In an ill-advised, feature-length advert for the fast food chain McDonald's (and funded by them), a new restaurant manager called Beth (played by 35-year old Gwyneth Paltrow) has to attempt to bring the chain up-top-date by introducing a macrobiotic burger. A McMicro could be heated up in a microwave in 2 seconds and contained no meat whatsoever. Trying to portray McDonald's as a Vegan-friendly, environmentally-aware, health-caring global corporation as never going to win any critics and one wonders why Paltrow took the gamble that nearly ended her career. “Years ago, endorsing a product was considered something a movie actress shouldn’t do,” Paltrow told USA Today, “but now having a contract is almost like a status symbol.” And, of course, the pay-check helped her get these words out sincerely. Sadly, this Shakespeare's adaptation ditches the plot entirely and homages the Bard in a bizarre scene where they create Shake's Spears, which are milkshakes stuffed into long, edible breadsticks.

HIGHLIGHT: Gwyneth Paltrow eating a McMicro and clearly nearly gagging on it.

QUOTE: Beth, waltzing round an empty store as she creates her burger – 'I can never tell whether the ping I hear is the microwave or my happy heart.'

Jerry Lewis is a Martian


Transplanting the classic The Merchant Of Venice parable to outer-space might have sounded like a good idea after the success of MGM's Forbidden Planet (based on The Tempest) but this was actually filmed in 1955 and was the last movie James Dean was working on before his untimely death in a car crash. As he hadn't finished filming, the film was shelved but, two years later a quick re-write and a re-casting of the supernatural role of Antonio, the Martian, meant that it became a Jerry Lewis movie instead. However, the abrupt change from serious space-set drama to madcap space-set comedy meant the film's tone made audience's alienated (no pun intended). Jerry Lewis subsequently bought the rights and stored it away in his vault to be never seen again.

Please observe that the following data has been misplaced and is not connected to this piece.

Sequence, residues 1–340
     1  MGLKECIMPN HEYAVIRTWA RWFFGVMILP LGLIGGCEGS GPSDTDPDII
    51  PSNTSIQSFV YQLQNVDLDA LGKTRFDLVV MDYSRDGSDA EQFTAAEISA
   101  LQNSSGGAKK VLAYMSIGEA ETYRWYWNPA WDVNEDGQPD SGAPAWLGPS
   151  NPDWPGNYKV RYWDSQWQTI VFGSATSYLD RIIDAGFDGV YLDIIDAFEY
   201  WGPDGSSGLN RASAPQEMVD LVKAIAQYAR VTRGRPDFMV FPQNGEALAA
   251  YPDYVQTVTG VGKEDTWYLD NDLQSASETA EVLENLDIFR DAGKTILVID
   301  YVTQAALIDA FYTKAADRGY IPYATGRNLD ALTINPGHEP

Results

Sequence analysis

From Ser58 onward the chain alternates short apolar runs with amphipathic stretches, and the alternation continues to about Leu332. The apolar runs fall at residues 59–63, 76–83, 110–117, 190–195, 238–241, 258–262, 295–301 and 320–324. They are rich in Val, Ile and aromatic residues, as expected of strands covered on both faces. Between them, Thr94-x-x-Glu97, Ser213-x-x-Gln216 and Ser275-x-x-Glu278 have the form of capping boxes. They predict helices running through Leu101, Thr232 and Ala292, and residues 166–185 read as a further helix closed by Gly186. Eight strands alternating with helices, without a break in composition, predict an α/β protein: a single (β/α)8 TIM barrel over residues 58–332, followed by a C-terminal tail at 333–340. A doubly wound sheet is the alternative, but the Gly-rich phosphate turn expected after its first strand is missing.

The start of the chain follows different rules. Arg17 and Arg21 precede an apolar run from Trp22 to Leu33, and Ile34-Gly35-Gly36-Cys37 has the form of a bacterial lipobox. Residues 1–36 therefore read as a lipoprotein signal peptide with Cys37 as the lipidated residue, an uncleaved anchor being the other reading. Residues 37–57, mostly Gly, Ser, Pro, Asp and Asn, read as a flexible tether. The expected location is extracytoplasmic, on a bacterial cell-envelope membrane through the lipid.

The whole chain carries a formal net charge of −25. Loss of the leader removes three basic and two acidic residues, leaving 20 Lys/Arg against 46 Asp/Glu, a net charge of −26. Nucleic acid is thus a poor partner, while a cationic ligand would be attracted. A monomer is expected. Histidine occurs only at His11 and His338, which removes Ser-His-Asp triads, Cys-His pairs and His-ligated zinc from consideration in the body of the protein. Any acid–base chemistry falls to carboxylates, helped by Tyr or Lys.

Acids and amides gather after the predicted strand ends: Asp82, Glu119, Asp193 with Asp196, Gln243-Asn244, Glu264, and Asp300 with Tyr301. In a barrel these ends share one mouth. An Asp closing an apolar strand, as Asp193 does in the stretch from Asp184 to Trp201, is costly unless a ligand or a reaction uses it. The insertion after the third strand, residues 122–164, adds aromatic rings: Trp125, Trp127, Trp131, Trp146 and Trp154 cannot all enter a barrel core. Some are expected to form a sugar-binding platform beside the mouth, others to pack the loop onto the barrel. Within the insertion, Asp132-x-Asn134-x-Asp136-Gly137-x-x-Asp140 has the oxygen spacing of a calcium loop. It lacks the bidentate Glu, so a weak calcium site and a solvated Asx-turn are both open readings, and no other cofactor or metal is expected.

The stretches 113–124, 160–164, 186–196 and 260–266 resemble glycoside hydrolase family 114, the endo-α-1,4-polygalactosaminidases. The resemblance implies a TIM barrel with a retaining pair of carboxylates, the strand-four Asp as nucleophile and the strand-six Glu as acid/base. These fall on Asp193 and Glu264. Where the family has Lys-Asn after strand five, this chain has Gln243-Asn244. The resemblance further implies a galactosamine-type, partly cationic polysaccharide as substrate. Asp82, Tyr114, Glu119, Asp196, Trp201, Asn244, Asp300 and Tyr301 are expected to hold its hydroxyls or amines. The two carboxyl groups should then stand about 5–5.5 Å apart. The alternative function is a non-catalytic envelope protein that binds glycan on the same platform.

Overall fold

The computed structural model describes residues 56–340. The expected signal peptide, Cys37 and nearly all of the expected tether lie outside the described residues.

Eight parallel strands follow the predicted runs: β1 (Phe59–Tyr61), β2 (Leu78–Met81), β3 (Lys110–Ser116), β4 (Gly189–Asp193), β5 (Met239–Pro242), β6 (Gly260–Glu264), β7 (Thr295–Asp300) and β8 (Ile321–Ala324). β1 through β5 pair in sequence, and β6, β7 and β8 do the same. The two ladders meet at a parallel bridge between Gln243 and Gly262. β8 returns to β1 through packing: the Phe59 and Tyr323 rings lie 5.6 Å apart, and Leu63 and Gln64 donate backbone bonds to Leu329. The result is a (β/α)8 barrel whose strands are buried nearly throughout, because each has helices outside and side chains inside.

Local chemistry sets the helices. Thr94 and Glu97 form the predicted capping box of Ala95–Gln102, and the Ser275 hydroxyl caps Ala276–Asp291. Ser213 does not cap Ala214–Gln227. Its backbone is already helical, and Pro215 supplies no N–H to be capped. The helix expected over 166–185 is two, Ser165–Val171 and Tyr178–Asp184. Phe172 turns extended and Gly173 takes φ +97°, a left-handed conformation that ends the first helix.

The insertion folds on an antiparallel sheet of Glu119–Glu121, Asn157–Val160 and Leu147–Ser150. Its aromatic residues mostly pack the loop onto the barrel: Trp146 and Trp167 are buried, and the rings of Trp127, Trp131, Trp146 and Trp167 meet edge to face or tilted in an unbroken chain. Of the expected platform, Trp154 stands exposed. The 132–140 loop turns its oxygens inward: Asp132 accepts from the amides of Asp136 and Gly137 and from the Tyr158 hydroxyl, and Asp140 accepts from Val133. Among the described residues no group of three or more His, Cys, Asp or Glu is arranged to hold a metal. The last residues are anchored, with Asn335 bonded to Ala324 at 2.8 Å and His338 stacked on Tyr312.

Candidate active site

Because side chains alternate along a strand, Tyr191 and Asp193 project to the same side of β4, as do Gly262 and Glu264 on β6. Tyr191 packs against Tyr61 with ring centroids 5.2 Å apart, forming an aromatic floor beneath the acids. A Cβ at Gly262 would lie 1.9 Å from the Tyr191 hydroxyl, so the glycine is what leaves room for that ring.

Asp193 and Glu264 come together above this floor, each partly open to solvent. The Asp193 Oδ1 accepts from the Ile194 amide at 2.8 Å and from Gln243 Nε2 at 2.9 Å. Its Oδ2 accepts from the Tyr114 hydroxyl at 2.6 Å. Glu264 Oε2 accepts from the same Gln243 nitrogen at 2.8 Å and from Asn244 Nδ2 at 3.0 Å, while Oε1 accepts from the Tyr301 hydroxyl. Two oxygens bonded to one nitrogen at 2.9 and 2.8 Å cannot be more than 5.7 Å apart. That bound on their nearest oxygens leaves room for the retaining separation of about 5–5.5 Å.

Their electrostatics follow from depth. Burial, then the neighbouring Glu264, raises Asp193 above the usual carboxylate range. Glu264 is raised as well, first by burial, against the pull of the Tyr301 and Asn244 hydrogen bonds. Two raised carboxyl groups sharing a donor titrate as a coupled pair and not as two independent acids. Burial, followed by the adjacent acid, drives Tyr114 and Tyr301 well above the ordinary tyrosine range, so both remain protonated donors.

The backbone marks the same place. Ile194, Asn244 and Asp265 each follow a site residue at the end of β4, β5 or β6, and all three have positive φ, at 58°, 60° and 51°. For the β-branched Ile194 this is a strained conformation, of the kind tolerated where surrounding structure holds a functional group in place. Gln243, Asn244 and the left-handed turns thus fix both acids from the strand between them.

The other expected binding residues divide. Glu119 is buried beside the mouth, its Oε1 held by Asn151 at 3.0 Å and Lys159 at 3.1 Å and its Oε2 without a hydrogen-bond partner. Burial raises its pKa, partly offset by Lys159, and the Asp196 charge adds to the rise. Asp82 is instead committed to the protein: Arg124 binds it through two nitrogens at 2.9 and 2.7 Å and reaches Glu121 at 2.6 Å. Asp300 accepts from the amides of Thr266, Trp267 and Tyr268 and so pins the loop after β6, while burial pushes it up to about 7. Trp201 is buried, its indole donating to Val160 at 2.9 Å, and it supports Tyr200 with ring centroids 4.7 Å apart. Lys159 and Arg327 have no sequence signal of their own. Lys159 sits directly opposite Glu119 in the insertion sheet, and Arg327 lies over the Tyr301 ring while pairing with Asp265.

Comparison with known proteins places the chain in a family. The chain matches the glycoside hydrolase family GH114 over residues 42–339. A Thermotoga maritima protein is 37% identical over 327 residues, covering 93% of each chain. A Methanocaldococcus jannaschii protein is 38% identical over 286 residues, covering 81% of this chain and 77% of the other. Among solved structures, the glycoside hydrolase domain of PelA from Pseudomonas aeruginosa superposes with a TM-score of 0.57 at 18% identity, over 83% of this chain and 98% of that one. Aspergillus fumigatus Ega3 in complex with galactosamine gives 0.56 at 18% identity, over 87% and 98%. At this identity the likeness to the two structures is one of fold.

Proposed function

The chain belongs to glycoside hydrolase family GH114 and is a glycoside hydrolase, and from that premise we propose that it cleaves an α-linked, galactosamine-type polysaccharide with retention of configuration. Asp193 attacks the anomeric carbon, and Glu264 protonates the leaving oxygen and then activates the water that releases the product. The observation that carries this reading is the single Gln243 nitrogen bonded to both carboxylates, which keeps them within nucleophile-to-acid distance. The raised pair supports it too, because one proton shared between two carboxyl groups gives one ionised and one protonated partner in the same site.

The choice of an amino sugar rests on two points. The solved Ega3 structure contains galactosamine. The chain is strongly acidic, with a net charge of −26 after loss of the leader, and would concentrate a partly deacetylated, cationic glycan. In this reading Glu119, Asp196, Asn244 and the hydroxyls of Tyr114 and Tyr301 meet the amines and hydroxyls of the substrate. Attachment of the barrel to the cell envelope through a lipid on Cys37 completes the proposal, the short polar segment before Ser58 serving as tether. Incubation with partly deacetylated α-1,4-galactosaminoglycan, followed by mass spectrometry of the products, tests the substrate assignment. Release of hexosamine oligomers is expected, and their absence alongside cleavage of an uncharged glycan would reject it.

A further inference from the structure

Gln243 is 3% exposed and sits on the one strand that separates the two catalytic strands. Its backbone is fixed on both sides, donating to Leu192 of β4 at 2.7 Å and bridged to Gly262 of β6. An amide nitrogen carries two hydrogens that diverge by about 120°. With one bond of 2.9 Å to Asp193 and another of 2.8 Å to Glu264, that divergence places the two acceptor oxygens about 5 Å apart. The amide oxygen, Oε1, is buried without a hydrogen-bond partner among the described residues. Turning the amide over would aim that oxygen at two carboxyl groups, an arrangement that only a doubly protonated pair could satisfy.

HIGHLIGHT: The transformation from James Dean's Antonio to Jerry Lewis as Antonio, which featured Jerry Lewis wearing a death-mask of James Dean made out of strawberry jelly and then clawing it slowly off for the camera. Both genuinely frightening and entirely inappropriate, this earned the film an 'X' certificate upon initial release.

QUOTE: Antonio (Jerry Lewis) – 'I am a Martian. Hath not a Martian six eyes? Hath not a Martian hands, organs, dimensions, senses, affections, passions; fed with the same space dust, hurt with the same ray guns, subject to the same laws of gravity as Earth, healed by the sputum of the Bore Worms, warmed and cooled by the Sun as an Earthling? If you lick us, do we not feed? Oh, cut the crud, I've got green skin and I ain't anything like you, brother!'


1. O'FELLOW (1985)

A whimsical tale of a 1930s Irish actor who makes it big on Broadway by appearing in 'black face' and singing about the trials of a black man in love with a white woman. It's played as a light farce and merely hints at the difficult race relations, negative stereotypes and cultural blindness of a time when it was perfectly acceptable for a white man to appear on stage as a black man. Liam Neeson looks uncomfortable in a role written especially for him (they needed someone tall) and his love interest, Grace Jones (fresh from her success on the 007 film A View To A Kill), can't seem to keep her clothes on long enough to deliver a meaningful line. Paradoxically, Grace Jones appears as the made-up white love interest on stage for Neeson's black-faced Paddy O'Fellow. It's a confused film and one can see why it was pulled from release, as the concept seems to be a cross between Shakespeare's Othello and the disk-jumping, strategy-turning board game Othello (which is why the toy company Mattel are major sponsors of the film, as they attempted to market the Reversi game as Othello in many countries).

HIGHLIGHT: In a scene only filmed for the trailer, Liam Neeson is seen taking off his trousers from behind and Grace Jones points at his manhood and exclaims that he's hung like a brother. It's a case of life imitating art, as Liam Neeson doesn't call his 'Little Liam' for a reason.

QUOTE: Grace Jones, in a 1930s-esque jazz number (which sounds suspiciously like a 1980's synth-led pop hit), raps: 'You're black and white, and that ain't right. I'm white and black, so change me back. You Irish man, that is no tan. I'm not a fan, let me be who I am!'

(c) Barnaby Eaton-Jones 2016

We looked for the films on Amazon to share them with you, honest.
Powered by Blogger.